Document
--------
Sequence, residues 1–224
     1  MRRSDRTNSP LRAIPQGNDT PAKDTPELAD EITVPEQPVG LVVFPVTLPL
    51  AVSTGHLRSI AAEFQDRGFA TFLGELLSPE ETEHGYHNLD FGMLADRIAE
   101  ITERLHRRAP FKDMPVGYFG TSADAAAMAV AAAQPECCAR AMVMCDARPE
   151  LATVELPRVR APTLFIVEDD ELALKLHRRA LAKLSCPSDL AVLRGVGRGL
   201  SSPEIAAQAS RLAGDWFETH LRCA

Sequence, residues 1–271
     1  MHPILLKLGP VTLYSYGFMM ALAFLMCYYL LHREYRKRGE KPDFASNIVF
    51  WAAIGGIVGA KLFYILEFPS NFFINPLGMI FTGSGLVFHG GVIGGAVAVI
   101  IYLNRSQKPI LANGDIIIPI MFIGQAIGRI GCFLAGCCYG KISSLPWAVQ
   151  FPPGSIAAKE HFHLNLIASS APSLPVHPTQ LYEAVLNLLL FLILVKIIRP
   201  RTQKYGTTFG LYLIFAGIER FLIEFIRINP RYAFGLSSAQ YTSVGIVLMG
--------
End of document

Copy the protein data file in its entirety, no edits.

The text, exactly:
Sequence, residues 1–224
     1  MRRSDRTNSP LRAIPQGNDT PAKDTPELAD EITVPEQPVG LVVFPVTLPL
    51  AVSTGHLRSI AAEFQDRGFA TFLGELLSPE ETEHGYHNLD FGMLADRIAE
   101  ITERLHRRAP FKDMPVGYFG TSADAAAMAV AAAQPECCAR AMVMCDARPE
   151  LATVELPRVR APTLFIVEDD ELALKLHRRA LAKLSCPSDL AVLRGVGRGL
   201  SSPEIAAQAS RLAGDWFETH LRCA

Sequence, residues 1–271
     1  MHPILLKLGP VTLYSYGFMM ALAFLMCYYL LHREYRKRGE KPDFASNIVF
    51  WAAIGGIVGA KLFYILEFPS NFFINPLGMI FTGSGLVFHG GVIGGAVAVI
   101  IYLNRSQKPI LANGDIIIPI MFIGQAIGRI GCFLAGCCYG KISSLPWAVQ
   151  FPPGSIAAKE HFHLNLIASS APSLPVHPTQ LYEAVLNLLL FLILVKIIRP
   201  RTQKYGTTFG LYLIFAGIER FLIEFIRINP RYAFGLSSAQ YTSVGIVLMG